Our lap times are done in the most consistent way possible. All of the bikes are on the track running in motos at the same time switching between the same ten riders so track conditions and rider fatigue are spread out evenly. More so than in the past, this comparison really showed that the Honda was getting the job done with riders of all ability levels. On the other side of the spectrum, the KTM was tough for all of our riders to feel comfortable on so lap times suffered.
The third gear roll on shows how the bikes pull when lugging in third gear and then having the throttle applied as quickly as the bike will allow, without the clutch, till each hits the rev limiter. It is about as practical of an outdoor dyno run as you will get and puts traction into the picture as well. The Kawasaki is the most impressive here with the Yamaha and KTM right behind in pulling feel. Our Honda was right in the middle but the least picky about having the throttle slammed open since it is fuel injected. The Husky takes its time and had a top end pull that really goes on forever.
RADAR MX START
This is a full-on MX start to top gear. The surprising thing here is how slow the Honda is. Yes, slower that the “slow” Husky even. The powerhouse Kawasaki is just a tad ahead of the Yamaha and KTM (line mostly hidden under the Yamaha) until later in the straightaway, where at about eight seconds in (or near 65 MPH) the blue and orange bikes pop out on top.
Human Impression: Suspension
This chart shows how good the Honda, Yamaha and Kawasaki suspensionis. And by being so good it outpaces the Euro brands, especially when the big hits come into play.
Human Impression: Power
This is not a dyno chart but instead what riders feel in different parts of the powerband. Most 250Fs are not super strong on the bottom but the Kawasaki is.
Chris Real of DPS Technical, Inc. did our sound testing and did it to a very high level. We sampled the bikes in the most common way: A 20-inch stationary sound test to the AMA recommended RPM. Then we did the new two meter (2M) test which the bike is held wide open for a brief second to maximum RPM with the sound meter two meters away. We also took a reading during the bike’s radar runs to show some real world figures so you can see the difference in practical applications and compare them to test numbers. For much more information and help on sound issues, go to www.chemhelp.com.
When all of the opinions, lap times, radar charts and manufacturer bribes (just kidding) were sorted out, this shootout was a close one. However, all of our data pointed to one machine as being the all-out favorite: the HondaCRF250R. With its potent engine and redesigned chassis, the red racer gets our official nod as the 2010 250F shootout winner. Is this because the Honda is the only fuel-injected bike in the test? Not necessarily, but it sure helped. Several of the carbureted machines are fiercely competitive without hiccups, proving you can get a lot of performance out of those “old” carburetors. But as an overall package that was a hit with Vets, novices, intermediates and pro riders, the CRF250R simply pulled away from the pack (as evidenced by the lap times, contradicted by the radar runs). Still, we can’t discount the other machines in this class, as they are all great bikes. The Kawasaki is a great all-around package, and if it weren’t for the overrev issue Team Green very well would have come a lot closer to taking our shootout cake for the third year in a row. The KTM is an insane race bike with tons of potential, and if you can dial in a few handling and cornering issues the bike is simply a speed demon. The Yamaha power plant didn’t blow any of our test riders away with performance even though it shined in the radar runs, but all liked the cornering characteristics of this machine. Finally, we’ve got to give credit to Husqvarna for entering the TC250 in the shootout. This bike surprised a lot of riders—both those who had previously ridden Husqvarnas and those who hadn’t—and many came away from the test with a much-improved opinion of the bike. Sure, it might not set the track on fire just yet, but given a few more years of development and the right settings and the TC250 will be a serious competitor. Of course, the Suzuki RM-Z250 could also shake up this final order, but given the late arrival of the 2010model we just weren’t able to include it in our testing. But even without the yellow machine, the 2010 250F lineup is themost solid group of mid-size MX four-strokes we’ve ever tested.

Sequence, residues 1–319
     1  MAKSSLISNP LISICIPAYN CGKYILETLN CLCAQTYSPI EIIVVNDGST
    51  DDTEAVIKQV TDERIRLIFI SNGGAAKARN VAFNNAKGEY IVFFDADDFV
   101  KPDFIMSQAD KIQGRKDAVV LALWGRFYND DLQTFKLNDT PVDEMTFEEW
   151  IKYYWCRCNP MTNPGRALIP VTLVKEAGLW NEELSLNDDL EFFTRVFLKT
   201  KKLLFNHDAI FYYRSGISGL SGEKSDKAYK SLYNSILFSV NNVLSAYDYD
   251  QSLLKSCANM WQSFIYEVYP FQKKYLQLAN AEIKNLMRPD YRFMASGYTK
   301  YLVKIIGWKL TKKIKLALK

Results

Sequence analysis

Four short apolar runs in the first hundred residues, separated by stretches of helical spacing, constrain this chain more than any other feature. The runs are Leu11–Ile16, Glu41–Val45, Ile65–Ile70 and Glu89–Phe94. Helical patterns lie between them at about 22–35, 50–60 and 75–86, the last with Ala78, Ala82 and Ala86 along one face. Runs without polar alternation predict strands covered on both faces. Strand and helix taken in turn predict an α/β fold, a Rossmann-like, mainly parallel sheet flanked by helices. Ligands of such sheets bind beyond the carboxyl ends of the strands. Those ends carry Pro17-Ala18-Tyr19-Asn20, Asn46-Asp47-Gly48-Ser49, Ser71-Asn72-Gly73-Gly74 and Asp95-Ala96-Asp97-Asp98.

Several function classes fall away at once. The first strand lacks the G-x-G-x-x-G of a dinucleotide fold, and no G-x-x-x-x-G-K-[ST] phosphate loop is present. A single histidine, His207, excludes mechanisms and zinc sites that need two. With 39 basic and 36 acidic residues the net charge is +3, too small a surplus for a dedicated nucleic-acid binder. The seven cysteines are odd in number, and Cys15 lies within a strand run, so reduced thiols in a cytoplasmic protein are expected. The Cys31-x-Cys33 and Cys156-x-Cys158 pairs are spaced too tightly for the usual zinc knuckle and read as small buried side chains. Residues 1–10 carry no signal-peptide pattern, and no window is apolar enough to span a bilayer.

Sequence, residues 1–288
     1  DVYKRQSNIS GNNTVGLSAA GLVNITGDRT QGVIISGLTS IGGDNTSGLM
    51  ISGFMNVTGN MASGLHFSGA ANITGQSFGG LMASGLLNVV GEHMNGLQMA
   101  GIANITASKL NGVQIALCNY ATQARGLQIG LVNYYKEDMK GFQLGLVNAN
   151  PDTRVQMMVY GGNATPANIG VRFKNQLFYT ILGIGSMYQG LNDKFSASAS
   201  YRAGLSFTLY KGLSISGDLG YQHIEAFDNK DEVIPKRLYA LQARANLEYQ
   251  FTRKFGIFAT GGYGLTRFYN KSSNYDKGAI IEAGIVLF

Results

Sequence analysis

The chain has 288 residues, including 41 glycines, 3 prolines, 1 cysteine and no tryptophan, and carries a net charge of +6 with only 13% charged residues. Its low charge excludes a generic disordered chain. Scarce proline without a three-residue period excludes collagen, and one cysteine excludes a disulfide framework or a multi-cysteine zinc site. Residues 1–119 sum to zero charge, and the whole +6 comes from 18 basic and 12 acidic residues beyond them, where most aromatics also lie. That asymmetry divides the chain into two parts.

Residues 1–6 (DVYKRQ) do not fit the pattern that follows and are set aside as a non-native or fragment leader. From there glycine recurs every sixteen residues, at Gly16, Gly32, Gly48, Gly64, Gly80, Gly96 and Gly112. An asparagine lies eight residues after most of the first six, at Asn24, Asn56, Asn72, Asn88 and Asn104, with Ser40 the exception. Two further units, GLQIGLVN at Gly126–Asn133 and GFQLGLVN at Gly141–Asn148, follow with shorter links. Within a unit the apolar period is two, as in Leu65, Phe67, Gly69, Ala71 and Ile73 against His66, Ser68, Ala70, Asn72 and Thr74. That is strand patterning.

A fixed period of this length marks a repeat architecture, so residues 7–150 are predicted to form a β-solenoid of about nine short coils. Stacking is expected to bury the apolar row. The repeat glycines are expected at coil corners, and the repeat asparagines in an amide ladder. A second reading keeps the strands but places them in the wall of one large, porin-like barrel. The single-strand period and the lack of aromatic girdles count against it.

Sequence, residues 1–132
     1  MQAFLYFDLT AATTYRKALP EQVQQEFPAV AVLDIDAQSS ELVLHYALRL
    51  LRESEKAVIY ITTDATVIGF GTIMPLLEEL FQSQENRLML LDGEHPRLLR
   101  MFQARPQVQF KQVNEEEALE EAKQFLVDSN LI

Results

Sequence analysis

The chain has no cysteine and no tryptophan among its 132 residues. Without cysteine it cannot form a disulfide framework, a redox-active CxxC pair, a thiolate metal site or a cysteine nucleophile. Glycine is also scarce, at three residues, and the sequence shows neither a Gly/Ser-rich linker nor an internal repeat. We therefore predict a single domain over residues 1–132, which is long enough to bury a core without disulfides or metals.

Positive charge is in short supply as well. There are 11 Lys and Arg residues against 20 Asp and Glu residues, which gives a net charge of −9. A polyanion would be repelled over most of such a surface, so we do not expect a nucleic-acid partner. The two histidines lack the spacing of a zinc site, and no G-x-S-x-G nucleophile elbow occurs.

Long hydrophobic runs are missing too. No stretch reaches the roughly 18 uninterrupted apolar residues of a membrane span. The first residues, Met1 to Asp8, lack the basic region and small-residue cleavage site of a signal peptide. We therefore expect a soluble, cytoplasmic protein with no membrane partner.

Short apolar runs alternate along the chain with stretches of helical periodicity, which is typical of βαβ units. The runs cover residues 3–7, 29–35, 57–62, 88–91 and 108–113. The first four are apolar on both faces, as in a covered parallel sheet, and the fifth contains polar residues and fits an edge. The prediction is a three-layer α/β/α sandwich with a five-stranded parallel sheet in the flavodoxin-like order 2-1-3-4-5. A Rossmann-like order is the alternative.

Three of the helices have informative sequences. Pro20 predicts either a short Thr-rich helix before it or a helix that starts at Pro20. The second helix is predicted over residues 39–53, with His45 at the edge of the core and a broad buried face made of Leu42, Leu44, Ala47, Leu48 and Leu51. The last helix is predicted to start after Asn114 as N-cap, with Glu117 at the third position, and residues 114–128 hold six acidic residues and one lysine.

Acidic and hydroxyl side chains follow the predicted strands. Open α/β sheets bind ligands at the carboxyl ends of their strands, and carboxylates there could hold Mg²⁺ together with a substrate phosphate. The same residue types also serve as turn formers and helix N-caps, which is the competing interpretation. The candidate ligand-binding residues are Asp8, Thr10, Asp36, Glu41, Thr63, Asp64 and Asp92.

Originally published in the April 2010 issue of Dirt Rider.